The Three Levels of Leadership – Scouller Leadership Blog

Self-Mastery & Leadership

Lao Tzu, the Chinese sage (not the bloke who wrote The Art of War – that was Sun Tzu), said this about self-mastery: “He who controls others may be powerful, but he who has mastered himself is mightier still.”

I agree.  In my book, The Three Levels of Leadership, I talk about self-mastery as the key to taking command of your thoughts, feelings and behaviour in the service of others as a leader, especially when you’re under pressure.  I believe it’s the essential discipline of the third level of leadership that I call “personal leadership”. Continue reading →

Where Did My False Beliefs Come From?

After The Three Levels of Leadership came out in 2011, readers followed up with questions on leadership, leadership psychology and self-mastery – all of them interesting.  So interesting, in fact, that I’m releasing my answers here as they supplement the “Three Levels” material and others may find them useful.  Here’s the fourteenth in the series.   I’ll post the others over the coming months…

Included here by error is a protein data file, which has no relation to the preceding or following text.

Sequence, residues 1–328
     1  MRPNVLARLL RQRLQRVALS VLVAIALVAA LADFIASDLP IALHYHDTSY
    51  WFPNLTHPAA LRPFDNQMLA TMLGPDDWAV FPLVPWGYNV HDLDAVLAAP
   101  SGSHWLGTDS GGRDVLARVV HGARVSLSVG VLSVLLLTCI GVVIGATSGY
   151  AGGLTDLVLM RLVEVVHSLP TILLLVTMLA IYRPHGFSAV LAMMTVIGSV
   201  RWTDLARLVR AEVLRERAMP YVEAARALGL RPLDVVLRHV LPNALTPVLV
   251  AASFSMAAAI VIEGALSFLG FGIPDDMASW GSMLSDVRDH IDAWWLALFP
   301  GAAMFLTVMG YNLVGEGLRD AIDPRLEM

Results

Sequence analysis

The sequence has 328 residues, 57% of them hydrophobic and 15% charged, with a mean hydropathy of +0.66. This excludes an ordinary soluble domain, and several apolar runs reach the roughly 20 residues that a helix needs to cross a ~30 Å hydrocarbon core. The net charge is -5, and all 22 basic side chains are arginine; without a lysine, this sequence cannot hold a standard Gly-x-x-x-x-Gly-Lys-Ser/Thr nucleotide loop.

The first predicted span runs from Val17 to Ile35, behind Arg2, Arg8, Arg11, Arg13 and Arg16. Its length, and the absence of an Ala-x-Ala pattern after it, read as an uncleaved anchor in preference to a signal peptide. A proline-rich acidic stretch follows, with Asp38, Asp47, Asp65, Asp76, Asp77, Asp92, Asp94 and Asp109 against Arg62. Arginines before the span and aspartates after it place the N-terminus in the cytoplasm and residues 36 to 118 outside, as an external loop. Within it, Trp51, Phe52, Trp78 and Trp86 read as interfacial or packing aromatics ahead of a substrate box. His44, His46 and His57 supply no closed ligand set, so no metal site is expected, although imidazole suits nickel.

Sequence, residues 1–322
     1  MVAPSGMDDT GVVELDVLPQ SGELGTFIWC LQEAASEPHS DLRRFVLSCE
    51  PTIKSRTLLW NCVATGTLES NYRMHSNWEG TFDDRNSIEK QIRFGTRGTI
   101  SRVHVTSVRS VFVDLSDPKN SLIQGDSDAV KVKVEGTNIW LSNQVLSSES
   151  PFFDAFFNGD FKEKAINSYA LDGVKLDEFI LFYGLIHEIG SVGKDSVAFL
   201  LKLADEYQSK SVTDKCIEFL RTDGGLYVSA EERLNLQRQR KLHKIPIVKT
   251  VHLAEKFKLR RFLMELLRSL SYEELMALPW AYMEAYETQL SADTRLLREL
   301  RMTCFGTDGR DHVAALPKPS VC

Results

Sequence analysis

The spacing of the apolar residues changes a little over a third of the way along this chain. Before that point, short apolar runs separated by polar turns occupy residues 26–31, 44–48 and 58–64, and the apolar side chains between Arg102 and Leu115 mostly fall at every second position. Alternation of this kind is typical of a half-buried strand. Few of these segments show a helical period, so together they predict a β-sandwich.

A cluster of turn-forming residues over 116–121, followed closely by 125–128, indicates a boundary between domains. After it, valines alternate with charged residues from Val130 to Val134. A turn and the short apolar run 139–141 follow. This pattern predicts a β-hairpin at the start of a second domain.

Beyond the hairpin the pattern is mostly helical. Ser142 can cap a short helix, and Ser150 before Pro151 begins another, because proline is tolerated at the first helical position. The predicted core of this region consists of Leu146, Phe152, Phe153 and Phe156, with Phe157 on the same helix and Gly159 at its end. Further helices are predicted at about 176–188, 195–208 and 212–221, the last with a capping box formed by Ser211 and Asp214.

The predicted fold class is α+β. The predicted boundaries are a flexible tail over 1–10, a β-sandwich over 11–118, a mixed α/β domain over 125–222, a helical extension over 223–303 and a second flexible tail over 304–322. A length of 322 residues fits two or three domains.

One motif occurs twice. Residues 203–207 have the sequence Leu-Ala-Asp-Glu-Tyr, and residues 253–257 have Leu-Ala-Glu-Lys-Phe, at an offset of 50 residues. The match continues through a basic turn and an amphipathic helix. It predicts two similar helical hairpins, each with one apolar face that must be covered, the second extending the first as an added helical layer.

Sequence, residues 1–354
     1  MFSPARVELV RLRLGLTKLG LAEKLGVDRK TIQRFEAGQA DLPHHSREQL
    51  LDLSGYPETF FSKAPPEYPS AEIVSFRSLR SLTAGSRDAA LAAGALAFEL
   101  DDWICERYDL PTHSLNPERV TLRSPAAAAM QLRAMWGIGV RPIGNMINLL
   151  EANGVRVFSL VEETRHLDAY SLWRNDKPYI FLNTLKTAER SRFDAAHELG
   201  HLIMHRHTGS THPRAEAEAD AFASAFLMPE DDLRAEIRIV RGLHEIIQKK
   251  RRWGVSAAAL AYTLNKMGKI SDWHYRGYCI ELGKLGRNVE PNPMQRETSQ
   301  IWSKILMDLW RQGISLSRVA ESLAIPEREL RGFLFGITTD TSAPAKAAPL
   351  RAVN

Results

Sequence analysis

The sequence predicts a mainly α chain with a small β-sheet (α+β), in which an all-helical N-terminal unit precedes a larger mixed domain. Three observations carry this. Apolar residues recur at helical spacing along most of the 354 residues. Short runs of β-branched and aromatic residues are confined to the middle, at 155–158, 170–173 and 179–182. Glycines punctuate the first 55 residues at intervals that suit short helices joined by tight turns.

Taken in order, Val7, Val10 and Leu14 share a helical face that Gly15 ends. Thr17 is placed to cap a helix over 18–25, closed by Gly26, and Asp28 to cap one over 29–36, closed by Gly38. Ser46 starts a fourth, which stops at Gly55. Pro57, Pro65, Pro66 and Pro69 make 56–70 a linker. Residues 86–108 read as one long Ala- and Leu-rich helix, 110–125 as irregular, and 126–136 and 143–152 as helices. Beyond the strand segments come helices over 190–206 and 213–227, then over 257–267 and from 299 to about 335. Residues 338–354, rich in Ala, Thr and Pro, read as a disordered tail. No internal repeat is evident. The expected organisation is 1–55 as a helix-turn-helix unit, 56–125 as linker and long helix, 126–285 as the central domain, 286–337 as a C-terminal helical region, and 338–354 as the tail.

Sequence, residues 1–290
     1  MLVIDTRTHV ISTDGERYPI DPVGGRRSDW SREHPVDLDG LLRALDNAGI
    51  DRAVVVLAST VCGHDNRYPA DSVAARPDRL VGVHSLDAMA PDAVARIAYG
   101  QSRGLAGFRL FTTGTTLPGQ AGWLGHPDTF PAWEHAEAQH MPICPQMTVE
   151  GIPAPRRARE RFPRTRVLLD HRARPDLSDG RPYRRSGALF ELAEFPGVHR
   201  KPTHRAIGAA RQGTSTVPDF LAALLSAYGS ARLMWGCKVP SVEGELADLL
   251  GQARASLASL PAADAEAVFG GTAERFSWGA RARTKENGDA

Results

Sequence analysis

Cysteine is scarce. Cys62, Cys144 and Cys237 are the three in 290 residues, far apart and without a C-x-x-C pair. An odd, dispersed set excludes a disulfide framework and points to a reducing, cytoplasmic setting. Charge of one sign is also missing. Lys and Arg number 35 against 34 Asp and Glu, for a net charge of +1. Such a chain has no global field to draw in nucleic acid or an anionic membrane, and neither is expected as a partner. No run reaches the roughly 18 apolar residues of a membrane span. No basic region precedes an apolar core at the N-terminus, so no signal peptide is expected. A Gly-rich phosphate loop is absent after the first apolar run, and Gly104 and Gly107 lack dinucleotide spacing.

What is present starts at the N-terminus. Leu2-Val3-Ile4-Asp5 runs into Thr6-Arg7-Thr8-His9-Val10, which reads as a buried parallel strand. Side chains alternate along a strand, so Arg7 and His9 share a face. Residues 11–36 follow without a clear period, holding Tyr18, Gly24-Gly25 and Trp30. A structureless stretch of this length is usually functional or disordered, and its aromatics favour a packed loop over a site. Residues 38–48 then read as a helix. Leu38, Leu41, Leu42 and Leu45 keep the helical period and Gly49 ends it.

Q14. Where did my False Self beliefs come from, especially my negative self-image ?

“In a sense it doesn’t matter where they came from. What only matters is that you have a False Self self-image.

I say that not to dismiss the importance of the question, but to focus you on the practical challenge before you.  You see, it’s interesting to understand the origins of your False Self beliefs, but it won’t necessarily help you move beyond them, to let them go. Continue reading →

The First Quality of Leadership Presence: Personal Power

In my book, The Three Levels of Leadership, I’ve written about “leadership presence”.  In chapter 5, I described the seven qualities of presence, the first being Personal Power.